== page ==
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We recently discovered a new class of thiazole analogs that are highly potent against melanoma cells. To expand the structure-activity relationship study and to explore potential new molecular scaffolds, we performed extensive ligand-based virtual screening against a compound library containing 342,910 small molecules. Two different approaches of virtual screening were carried out using the structure of our lead molecule: 1) connectivity-based search using Scitegic Pipeline Pilot from Accelerys and 2) molecular shape similarity search using Schrodinger software. Using a testing compound library, both approaches can rank similar compounds very high and rank dissimilar compounds very low, thus validating our screening methods. Structures identified from these searches were analyzed, and selected compounds were tested in vitro to assess their activity against melanoma cancer cell lines. Several molecules showed good anticancer activity. While none of the identified compounds showed better activity than our lead compound, they provided important insight into structural modifications for our lead compound and also provided novel platforms on which we can optimize new classes of anticancer compounds. One of the newly synthesized analogs based on this virtual screening has improved potency and selectivity against melanoma.
Melanoma is the most deadly form of skin cancer, and its incidence is rapidly increasing, particularly in developed countries.1–3 Around 160,000 new cases of melanoma are diagnosed worldwide each year, and it is more frequent in males and Caucasians.4 According to a World Health Organization report, about 48,000 melanoma-related deaths occur worldwide per year.5 While early stages of melanoma can usually be cured by surgical removal, late-stage melanoma is known to be highly resistant to all current therapies.2 Despite tremendous efforts and significant progress in melanoma cancer research in the past few decades,6–10 dacarbazine (DTIC) still remains the only Food and Drug Agency approved small-molecule drug for advanced melanoma.11–13 Even this benchmark drug demonstrates response in fewer than 15% of patients.10, 14 With the ever increasing incidence of melanoma, there is an urgent need to develop more efficacious drugs.
In our ongoing efforts to search for small molecules as potential therapeutic agents for advanced melanoma, we recently discovered a new series of thiazole analogs that showed very potent activity against melanoma cells in vitro.15 One of the best compounds in this series has an IC50 value below 60 nanomolar. Screening results from the National Cancer Institute (NCI-60 screening) for our lead compound, LY-1-100, indicated nanomolar antiproliferative activity for all the cancer cell lines tested. Preliminary mechanism of action studies on this series of compounds indicated that they may interact with microtubules.15 In vivo testing with melanoma tumors showed substantial growth inhibitory activity for this series of compounds (unpublished data). To further expand our understanding of structure-activity relationships and to potentially identify new platforms for active compounds, we explored a compound library from the University of Cincinnati’s (UC) Drug Discovery Center, which contains 342,910 small molecules. All compounds are available to us for testing via an established agreement. Usually, compounds are shipped within 2 days of request. Therefore, we can obtain any compound we select easily for biological testing. Although other compound libraries may have more entries than does the UC library, often availability of the compounds is an issue. Therefore, we chose this library for our current studies.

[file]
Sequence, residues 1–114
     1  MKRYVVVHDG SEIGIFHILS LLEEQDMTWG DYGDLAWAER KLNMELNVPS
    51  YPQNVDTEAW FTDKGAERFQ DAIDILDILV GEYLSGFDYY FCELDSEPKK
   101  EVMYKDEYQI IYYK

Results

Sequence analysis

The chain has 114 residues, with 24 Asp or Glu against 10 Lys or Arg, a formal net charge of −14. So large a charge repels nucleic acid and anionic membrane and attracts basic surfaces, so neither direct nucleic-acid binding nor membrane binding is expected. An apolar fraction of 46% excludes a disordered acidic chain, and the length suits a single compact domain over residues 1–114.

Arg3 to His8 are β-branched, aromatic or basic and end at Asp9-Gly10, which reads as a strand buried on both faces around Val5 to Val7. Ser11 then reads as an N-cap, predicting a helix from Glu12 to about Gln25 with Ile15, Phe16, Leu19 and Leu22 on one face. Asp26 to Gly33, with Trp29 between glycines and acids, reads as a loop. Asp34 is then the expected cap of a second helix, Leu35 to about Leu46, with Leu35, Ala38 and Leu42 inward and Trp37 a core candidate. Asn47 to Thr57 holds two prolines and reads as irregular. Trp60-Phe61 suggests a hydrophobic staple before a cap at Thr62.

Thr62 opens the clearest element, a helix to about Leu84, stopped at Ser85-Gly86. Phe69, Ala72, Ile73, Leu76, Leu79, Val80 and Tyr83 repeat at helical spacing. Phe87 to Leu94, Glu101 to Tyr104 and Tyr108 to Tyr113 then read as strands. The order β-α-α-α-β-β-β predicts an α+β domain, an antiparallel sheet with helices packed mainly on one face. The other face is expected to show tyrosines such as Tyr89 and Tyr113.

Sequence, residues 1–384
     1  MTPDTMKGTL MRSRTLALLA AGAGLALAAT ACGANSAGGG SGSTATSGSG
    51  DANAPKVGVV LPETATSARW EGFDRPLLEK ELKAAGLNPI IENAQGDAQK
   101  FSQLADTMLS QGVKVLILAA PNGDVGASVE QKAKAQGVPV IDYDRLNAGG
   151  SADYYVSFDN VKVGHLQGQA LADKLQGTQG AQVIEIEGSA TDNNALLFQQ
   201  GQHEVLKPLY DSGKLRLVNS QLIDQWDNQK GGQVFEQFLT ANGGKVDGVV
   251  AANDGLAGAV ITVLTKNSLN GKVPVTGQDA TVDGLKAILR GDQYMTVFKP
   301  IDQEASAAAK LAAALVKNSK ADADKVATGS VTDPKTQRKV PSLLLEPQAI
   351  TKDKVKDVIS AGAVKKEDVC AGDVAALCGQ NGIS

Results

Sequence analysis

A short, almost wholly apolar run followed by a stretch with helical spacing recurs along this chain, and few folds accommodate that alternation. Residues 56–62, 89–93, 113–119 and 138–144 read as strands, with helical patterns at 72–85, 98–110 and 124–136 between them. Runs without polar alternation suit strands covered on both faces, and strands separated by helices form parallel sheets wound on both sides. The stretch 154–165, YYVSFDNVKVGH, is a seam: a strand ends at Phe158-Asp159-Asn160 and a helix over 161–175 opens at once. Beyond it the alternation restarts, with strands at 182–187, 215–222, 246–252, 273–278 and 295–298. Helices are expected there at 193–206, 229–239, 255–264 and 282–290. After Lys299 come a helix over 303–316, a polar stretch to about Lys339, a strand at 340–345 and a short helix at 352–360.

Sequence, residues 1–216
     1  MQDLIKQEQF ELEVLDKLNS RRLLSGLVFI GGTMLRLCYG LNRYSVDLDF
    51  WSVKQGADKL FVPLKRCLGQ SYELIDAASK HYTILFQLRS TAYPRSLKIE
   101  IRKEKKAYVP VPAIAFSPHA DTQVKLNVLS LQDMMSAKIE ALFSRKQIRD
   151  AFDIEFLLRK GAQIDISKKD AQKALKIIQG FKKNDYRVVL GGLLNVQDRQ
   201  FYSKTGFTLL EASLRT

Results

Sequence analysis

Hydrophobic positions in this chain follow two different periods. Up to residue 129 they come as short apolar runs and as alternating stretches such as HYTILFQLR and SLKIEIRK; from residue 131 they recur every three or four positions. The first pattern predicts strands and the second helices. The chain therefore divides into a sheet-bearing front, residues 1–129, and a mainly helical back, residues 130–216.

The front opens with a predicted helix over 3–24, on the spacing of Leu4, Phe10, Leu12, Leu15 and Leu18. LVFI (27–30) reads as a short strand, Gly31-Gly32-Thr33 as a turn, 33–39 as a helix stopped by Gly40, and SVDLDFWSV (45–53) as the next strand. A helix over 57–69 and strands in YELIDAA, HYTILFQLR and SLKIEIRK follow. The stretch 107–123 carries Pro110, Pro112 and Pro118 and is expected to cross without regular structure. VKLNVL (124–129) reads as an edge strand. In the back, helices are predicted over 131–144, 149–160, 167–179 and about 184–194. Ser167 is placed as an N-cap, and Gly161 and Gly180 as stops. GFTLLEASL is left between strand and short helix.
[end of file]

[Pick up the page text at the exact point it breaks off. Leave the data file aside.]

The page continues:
We report herein two ligand-based virtual screening approaches using the structure of our lead molecule (Figure 1): 1) similarity search based on atom connectivity using Scitegic Pipeline Pilot software (Accelrys Software, Inc., San Diego, CA) and 2) similarity search based on molecular shape using Schrodinger software (Schrodinger, Inc., New York, NY). We showed that these two approaches are highly complementary and lead to different active molecular structures. These structures are quite suitable for further structural modification and provide new platforms for our anticancer drug discovery efforts.